Offshore interest in Australian agribusiness on the rise

Market conditions, FTAs point to increased investment.

Australia’s proximity to Asian markets, infrastructure quality and level of agricultural production are drawing an increasing number of global investors to its agribusiness sector – with WA assets high on the wish list, according to Colliers International.

Guests at an InvestWest Agribusiness Alliance event hosted by Colliers International last week were told by the agency’s National Rural and Agribusiness Director of Valuations, Alex Thamm that Australian assets were firmly on the radar of offshore investors – including fund managers, sovereign wealth funds, high net worth individuals and international corporates – with the historic Free Trade Agreement with China late last year and a lower Australian dollar delivering extra impetus.

“Our proximity to those key Asian markets is a major attraction for investors in the sector, and the falling dollar adds to that by improving affordability for offshore players and making us more competitive in export markets,” he said.

“The recent Free Trade Agreements, including the China FTA, are widely seen as a positive for Australian agribusiness and are expected to further boost confidence and demand for our produce.

“We have already seen a steady increase in the scale of foreign investment in our agribusiness sector, and we’d anticipate that will continue to grow.”

However, Mr Thamm said the view that foreign entities were taking over Australian farming and agri assets was not an accurate one.

“A recent study indicated there are around 160,000 farms in Australia today, and about 98 per cent of those are family owned,” he said.

“We haven’t been hearing a lot about those owners in recent years as many of them have been capital constrained or demonstrating caution around buying decisions, but they’re there.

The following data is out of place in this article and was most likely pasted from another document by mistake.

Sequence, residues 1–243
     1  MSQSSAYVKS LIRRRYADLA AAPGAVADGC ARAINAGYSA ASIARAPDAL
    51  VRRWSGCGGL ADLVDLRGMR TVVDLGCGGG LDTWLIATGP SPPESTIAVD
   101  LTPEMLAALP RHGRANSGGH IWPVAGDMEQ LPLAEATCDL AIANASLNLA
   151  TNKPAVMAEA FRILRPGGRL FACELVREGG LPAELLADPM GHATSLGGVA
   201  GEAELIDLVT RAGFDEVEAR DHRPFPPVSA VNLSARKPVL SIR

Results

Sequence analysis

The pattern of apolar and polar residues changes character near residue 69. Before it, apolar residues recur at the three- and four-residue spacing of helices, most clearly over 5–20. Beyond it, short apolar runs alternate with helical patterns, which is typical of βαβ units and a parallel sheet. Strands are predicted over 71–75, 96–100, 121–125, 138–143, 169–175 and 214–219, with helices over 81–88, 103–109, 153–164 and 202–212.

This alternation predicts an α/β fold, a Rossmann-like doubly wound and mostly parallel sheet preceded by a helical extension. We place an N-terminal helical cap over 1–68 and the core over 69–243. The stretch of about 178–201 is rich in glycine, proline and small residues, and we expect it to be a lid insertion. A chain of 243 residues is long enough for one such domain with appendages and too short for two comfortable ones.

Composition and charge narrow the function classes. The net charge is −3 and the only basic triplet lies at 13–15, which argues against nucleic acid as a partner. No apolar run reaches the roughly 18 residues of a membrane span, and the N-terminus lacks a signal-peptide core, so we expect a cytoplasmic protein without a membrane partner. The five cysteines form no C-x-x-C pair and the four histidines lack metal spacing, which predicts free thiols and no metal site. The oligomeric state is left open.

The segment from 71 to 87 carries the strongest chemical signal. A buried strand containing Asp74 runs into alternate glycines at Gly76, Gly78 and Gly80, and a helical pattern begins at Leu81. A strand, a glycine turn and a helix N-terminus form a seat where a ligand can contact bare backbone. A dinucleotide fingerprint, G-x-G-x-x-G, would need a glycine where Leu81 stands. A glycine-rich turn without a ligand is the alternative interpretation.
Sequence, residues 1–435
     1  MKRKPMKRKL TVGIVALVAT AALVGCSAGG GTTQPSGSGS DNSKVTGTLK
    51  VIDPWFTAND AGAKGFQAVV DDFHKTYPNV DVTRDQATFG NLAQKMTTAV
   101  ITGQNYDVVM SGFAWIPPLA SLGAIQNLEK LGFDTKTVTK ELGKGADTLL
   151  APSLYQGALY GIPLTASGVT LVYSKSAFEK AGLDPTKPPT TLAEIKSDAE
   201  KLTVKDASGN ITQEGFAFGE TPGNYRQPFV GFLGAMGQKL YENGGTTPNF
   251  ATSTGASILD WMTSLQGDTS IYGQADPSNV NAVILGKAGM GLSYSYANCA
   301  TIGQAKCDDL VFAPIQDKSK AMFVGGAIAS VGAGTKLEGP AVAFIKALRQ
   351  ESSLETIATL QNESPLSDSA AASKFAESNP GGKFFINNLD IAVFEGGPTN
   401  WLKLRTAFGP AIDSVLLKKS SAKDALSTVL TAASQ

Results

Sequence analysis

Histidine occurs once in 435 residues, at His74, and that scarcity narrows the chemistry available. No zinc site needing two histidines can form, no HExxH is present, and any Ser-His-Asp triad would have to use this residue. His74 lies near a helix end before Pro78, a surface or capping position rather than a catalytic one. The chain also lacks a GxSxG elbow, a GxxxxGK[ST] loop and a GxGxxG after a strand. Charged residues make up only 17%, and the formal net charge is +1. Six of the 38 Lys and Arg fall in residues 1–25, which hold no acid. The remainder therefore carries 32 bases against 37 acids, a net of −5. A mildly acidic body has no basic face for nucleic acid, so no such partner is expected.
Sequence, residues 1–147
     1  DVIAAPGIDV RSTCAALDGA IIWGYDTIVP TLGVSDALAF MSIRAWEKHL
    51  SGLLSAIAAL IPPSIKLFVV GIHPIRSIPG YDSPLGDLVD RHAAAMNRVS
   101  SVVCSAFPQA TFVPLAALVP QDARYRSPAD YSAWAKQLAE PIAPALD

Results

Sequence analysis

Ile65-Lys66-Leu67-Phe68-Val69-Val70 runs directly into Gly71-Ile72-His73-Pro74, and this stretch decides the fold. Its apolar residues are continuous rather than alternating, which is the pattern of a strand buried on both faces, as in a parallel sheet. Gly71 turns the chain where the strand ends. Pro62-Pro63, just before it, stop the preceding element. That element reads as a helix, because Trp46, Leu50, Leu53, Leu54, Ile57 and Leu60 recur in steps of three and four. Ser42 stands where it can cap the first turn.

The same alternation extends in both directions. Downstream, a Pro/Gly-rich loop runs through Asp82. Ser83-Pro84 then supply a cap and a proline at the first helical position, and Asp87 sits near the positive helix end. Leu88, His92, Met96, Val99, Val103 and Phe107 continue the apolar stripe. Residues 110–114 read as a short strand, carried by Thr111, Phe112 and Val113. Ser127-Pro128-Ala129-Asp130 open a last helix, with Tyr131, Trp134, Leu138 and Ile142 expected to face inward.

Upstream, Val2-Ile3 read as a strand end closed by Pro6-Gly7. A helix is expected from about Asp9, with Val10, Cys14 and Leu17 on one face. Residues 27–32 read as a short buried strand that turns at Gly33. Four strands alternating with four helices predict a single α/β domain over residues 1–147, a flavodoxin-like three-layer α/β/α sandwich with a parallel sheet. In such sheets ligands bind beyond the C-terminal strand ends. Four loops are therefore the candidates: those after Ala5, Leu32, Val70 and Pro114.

“The investment of foreign capital is nothing new to our rural property markets, and history tends to tell us that we have little to be fearful of – our farms get modernised, productive capacity improves and at the end of the day these properties aren’t going anywhere.

Large scale offshore investment tends to happen in waves and Australia should be heartened that it is a favoured destination at the moment.”

A whitepaper released by Colliers International and Grant Thornton on Monday (16 February) found low interest rates and the weaker Australian dollar were creating perfect market conditions for rural owner-operators to take advantage of sale and leaseback opportunities, freeing up capital to invest in their core business.

“In a market where the cash rate is easing and there’s a question mark over the performance of equity markets, a solid rural and agribusiness property with strong covenants and steady long-term yields make this type of investment very appealing,” said Mr Thamm.

In WA, 2014 saw a number of agribusiness transactions, with the acquisition of Jameson Farm at Wongan Hills by the Macquarie Bank Group’s Lawson Grains for in excess of $30 million one of the biggest.

While transactions in WA to date have generally been straightforward sales, Colliers International’s WA agribusiness specialist Greg O’Meara said 2015 may see the sale and leaseback option become more popular.

“These sort of deal structures suit pension fund and similar investors who are looking for a passive investment in rural land without the operational risk,” he said.

“These investors are typically prepared to accept lower annual returns, but enjoy exposure to capital uplift in land values over time.”

Mr O’Meara said while rural land lacked the liquidity of other investments, it did not tend to display high levels of volatility either and this appealed to longer term, patient investors.

“Our proximity to Asia and our reputation in WA as the gateway to Australia for those markets puts us in a very good position to capture that investor interest and translate it into sales,” he said.

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